F11 (or F10, the guy wasn't sure) before Windows boots, until the BIOS screen
    comes up. Next, it is recommended that I have this utility check both the C
    drive and the recovery drive (D) to check for bad sectors. If there are bad
    sectors, then they may need to replace my hard drive.

    If there are no bad sectors, then they recommend that I perform a system
    recovery from the recovery CDs that came with my computer, rather than
    performing a recovery from the hard drive (D). The thought here is that the
    recovery drive could have an incorrect or corrupted version of the file, and
    that the recovery CDs will not.

    Since the last thing I want to do is perform a system recovery, I may try
    your procedure first. Right now I am undecided. What are your thoughts? Also,
    can step two of your procedure be performed before, or without performing,
    step two?
    keokani, Apr 5, 2008
  6. keokani

    Brink Guest


    You should do both Step One and Step Two to rule out and fix bot
    common problems. Step One makes sure that there is not a bad registr
    setting that allows chkdsk to run at startup by returning it to th
    default state. Step Two replaces the autochk.exe file with a clean cop
    of it.

    The worst thing that will happen is that it will not work and you ar
    back to where you are now



    *There are no dumb questions, just the people that do not as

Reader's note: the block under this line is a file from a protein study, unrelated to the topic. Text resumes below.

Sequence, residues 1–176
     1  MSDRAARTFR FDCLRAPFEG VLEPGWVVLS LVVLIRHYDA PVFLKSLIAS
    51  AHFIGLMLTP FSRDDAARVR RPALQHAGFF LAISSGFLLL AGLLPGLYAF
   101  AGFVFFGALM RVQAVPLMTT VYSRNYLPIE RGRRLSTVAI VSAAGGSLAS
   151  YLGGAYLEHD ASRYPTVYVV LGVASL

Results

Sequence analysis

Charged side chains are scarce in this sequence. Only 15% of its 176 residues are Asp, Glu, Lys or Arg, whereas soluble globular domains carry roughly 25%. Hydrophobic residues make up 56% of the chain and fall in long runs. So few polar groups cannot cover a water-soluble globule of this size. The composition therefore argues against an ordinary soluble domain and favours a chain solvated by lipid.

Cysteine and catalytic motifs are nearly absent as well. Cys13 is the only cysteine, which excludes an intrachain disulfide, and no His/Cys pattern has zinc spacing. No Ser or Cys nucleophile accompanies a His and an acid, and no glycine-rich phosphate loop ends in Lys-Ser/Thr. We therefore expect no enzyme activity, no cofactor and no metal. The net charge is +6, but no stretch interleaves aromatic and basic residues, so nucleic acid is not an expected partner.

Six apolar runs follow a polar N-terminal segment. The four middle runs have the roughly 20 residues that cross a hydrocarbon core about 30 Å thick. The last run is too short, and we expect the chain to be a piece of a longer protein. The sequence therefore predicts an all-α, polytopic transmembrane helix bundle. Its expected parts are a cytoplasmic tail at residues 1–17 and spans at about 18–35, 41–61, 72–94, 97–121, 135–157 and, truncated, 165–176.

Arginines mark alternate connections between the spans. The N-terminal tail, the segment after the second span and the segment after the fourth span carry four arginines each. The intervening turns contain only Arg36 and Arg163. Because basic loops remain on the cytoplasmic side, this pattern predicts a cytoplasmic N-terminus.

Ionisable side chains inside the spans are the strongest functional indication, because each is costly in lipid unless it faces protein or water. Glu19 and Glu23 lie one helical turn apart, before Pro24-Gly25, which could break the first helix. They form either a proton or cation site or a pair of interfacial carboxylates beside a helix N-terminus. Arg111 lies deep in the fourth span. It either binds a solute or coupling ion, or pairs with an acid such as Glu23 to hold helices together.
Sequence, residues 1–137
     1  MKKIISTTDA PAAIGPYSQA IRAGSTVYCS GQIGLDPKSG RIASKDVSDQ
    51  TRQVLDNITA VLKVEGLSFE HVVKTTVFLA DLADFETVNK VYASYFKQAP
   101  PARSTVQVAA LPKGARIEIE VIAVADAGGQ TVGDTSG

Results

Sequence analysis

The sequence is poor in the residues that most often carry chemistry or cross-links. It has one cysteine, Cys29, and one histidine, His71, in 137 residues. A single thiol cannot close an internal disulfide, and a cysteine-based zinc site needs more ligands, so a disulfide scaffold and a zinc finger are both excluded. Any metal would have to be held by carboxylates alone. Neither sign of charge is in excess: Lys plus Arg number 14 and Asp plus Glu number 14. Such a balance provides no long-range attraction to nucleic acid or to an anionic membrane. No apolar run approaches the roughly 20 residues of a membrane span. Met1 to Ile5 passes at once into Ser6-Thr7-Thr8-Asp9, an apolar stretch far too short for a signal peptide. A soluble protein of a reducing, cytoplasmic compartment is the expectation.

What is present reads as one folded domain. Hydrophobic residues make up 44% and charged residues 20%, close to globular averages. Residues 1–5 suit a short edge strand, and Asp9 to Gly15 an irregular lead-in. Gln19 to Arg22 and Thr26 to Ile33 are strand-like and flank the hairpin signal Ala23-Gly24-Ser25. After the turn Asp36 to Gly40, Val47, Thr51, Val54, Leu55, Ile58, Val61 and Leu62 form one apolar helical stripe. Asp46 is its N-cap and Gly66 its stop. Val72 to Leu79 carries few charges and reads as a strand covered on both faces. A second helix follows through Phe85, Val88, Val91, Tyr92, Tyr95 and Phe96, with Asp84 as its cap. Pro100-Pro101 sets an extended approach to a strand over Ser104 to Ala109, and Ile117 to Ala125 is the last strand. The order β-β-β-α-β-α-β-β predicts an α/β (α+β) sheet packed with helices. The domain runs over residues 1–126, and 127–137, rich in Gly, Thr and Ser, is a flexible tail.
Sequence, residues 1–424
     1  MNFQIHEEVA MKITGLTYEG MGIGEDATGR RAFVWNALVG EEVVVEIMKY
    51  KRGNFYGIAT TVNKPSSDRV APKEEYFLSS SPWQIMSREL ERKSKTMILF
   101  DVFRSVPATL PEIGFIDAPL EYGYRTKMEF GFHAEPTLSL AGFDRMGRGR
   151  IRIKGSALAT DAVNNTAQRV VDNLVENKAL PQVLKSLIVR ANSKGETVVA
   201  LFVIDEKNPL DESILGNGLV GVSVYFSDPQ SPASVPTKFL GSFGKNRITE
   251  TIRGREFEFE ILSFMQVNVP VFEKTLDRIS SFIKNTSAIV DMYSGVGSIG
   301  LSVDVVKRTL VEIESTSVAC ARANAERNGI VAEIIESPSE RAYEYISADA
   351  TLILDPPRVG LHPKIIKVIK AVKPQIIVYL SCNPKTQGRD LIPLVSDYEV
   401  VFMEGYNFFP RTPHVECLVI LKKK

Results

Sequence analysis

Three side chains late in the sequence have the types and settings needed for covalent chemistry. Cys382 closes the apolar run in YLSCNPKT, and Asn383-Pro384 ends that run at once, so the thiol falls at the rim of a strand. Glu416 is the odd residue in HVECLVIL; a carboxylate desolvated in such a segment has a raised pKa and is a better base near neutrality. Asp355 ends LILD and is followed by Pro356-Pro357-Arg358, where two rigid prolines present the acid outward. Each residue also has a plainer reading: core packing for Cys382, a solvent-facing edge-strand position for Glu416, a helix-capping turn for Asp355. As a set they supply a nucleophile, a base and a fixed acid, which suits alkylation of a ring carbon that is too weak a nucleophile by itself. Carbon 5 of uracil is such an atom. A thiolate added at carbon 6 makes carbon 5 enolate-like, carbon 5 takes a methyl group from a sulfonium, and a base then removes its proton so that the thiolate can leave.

'*VISTA FORUMS*' (
    *Please post feedback to help others.*
    Brink, Apr 5, 2008
  7. keokani

    keokani Guest

    I finally took your advice and implemented step two of your tutorial. It was
    much easier than I imagined, with no problems at all, and the whole process
    is very quick. What is interesting is that step two automatically peformed
    step one, because the registry value is now exactly what you said to change
    it to, without my actually doing it. Perhaps that is something you might want
    to indicate in your tutorial.

    Since I have previously installed Service Pack 1 for Windows Vista, I chose
    the correct version of the two autochk files that you offer in step two.
    Since the autochk file I had did not indicate what version it was, I had to
    kind of think it through to figure out which of the two I was supposed to
    download. That would be my only other suggestion to improve your tutorial.
    Indicate which download is for Vista and which one is for Service Pack 1.

    Next, I scheduled Check Disk (chkdsk.exe) for the next startup, checking
    both of the boxes, then restarted my computer. Finally, it worked as it is
    supposed to. I am very thankful for your tutorial and your helping me out in
    this discussion. Microsoft and HP should pay you for doing their work for
    them. They owe you big. Your procedure is something that they should directly
    link their customers to when they inquire about this issue on their websites.

    Once again, I can't tell you how much I appreciate your help. I would still
    be frustrated and miserable. I should have followed your tutorial right away,
    but I was apprehensive about third-party solutions. Since it was at the top
    of the search results, I should have trusted it sooner.

    By comparison, all of the advice and technical support that HP took me
    through was off target. I should bill them for all of my time they took up
    and for my increased cell phone bill.

    I would recommend your tutorials to anyone. You really have this stuff down.
    Keep up the good public service.
    keokani, Apr 5, 2008
  8. keokani

    Brink Guest

    Your welcome Keokani. I'm glad to hear that chkdsk is working for yo
    now. Thank you for your suggestions on improving the tutorial. They wil
    be added



    *There are no dumb questions, just the people that do not as
    '*VISTA FORUMS*' (
    *Please post feedback to help others.*
    Brink, Apr 5, 2008